Situated on a man-made island, just a stone's throw from Montreal, sits the picturesque Circuit Gilles Villeneuve, a firm favourite amongst F1 drivers and fans alike.
Home to the Canadian Grand Prix, the track has developed a reputation for delivering exciting racing thanks to an abundance of overtaking spots, making it an event to look forward to every year.
The high-speed, low-downforce circuit features several well known sections, including the L'epingle hairpin and the Wall of Champions, named as such for having had Damon Hill, Jacques Villeneuve and Michael Schumacher hit it in the 1999 Canadian Grand Prix.
Even with Red Bull and Max Verstappen running away with F1’s top honors this season, that won’t dampen enthusiasm for this year’s edition of the Canadian Grand Prix as we look into what makes the Circuit Gilles Villeneuve such a special venue.
|What||2023 Canadian Grand Prix|
|Where||Circuit Gilles Villeneuve, Montreal, Canada|
|When||2 PM ET, Sunday, June 18th|
|How to watch||TSN|
|Odds||Max Verstappen -300, Sergio Perez +450, Lewis Hamilton +1100, Fernando Alonso +1200, George Russell +2200, Charles Leclerc +4000|
The track was built on Ile Notre-Dame, a man-made island initially constructed to host the 1967 World’s Fair, which was later used for the rowing events at the 1976 Olympic Games.
The island lies in Saint Lawrence Seaway, just across the river from Montreal. The track was originally named Circuit Ile Notre-Dame before being renamed in honour of Canadian great Gilles Villeneuve following his death in 1982.
Having previously been held in Toronto and Quebec, the Canadian Grand Prix found its now-home in 1978 when construction on the track was completed.
Over the years, the track has been transformed into a power circuit comprising fewer corners and long straights, making it more of a spectacle.
The facilities around it have been improved too, including the construction of a new paddock and garages between races in 2018 and 2019.
The hybrid street circuit is 4.361km (2.71 miles) long with drivers racing at full throttle for 76 per cent of a lap and touching speeds of over 196 miles per hour along the 1km straight.
The track features just 14 corners, including several break-busting chicanes, requiring a high-downforce set-up and aerodynamically-sound front wing. However, the frequency of straights means getting the set-up of the car right can prove tricky.
The Circuit Gilles Villeneuve held its first Grand Prix in 1978, a race which was fittingly won by the driver who now shares his name with the track: Gilles Villeneuve.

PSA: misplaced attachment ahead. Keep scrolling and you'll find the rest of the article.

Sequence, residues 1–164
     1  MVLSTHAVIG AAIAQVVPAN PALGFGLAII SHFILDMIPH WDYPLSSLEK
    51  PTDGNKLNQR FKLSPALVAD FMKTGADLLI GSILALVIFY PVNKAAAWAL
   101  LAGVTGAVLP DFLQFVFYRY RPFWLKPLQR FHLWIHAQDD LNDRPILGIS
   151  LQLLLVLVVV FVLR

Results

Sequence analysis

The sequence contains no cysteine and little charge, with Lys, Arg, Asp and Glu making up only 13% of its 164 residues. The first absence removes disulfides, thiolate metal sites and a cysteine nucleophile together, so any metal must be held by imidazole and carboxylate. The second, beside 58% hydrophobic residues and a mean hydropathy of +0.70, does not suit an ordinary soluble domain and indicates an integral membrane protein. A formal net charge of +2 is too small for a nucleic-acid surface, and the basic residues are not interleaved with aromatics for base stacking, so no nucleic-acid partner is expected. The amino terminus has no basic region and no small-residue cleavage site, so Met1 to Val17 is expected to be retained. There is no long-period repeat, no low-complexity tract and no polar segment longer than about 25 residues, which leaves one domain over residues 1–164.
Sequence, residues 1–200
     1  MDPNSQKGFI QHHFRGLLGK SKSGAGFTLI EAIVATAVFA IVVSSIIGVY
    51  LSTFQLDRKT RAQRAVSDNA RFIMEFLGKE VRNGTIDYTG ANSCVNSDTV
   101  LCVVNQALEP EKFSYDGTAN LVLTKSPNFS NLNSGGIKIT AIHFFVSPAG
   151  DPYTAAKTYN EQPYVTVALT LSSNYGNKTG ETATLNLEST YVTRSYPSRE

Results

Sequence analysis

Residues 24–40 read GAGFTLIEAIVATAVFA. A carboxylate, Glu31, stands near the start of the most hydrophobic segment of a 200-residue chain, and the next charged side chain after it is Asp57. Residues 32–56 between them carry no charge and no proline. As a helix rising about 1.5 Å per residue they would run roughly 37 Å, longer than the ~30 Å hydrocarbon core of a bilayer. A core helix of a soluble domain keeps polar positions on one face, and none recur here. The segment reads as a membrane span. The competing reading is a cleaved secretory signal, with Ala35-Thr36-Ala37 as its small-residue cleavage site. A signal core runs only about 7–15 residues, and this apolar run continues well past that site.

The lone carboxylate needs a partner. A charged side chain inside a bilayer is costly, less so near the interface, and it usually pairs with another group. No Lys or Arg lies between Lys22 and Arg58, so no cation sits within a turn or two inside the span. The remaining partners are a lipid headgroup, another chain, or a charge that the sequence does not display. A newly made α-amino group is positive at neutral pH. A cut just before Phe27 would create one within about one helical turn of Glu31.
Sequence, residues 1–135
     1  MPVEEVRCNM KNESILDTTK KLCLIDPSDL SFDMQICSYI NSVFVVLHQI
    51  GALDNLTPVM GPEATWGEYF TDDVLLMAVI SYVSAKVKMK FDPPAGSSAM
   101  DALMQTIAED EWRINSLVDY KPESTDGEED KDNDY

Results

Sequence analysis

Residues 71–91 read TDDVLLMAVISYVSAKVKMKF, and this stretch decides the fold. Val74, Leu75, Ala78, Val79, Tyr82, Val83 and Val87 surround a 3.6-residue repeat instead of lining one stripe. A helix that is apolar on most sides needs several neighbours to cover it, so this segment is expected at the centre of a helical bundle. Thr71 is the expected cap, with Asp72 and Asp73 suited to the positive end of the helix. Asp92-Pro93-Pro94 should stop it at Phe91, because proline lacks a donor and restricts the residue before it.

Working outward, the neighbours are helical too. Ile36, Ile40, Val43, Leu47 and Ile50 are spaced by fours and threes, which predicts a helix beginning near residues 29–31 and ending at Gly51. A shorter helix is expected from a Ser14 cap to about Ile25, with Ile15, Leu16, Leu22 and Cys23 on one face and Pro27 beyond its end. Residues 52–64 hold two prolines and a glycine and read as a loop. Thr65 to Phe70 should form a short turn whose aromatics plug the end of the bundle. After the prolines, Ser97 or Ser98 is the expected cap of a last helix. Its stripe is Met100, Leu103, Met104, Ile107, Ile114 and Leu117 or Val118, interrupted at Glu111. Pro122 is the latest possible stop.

The venue has staged a race every year since with a few exceptions. The 1987 edition was cancelled due to a legal row between sponsors, while the race was dropped from the 2009 calendar.
After a two-year hiatus in 2020 and 2021, the Canadian Grand Prix was back on the F1 schedule in 2022.
Michael Schumacher and Lewis Hamilton share the honor of most wins in Formula 1 at the Circuit Gilles Villeneuve, taking the chequered flag seven times apiece.
Hamilton is a +1100 chance to claim the record outright this season ahead of Schumacher, who was responsible for a large number of the 11 wins Ferrari have enjoyed at the circuit.
The Italians are the most successful team since the race was moved to Montreal, achieving two more wins than McLaren’s total of nine.
Sebastian Vettel holds the record for the fastest lap seen at the circuit, the Ferrari driver clocking 1:10.240 in qualifying for the 2019 Canadian Grand Prix.
The record for the fastest lap during a race was set in that same year, Valtteri Bottas piloting his Mercedes around the track in a time of 1:13.078.
When Formula 1 isn’t in town, the venue is opened up for the public to put the track through its paces either on bikes, skates or running.
This year, the track will also host two triathlon events with its proximity to the lake around which the track bends making it an ideal venue for the multi-discipline sport.
The weather at Circuit Gilles Villeneuve can be typically cold over the winter, with temperatures dipping well below freezing.
However, by the time the Canadian Grand Prix comes around - which in 2023 is taking place in June - the weather is usually much warmer, with temperatures averaging just under 20° Celsius, although there is of course always the potential for rain.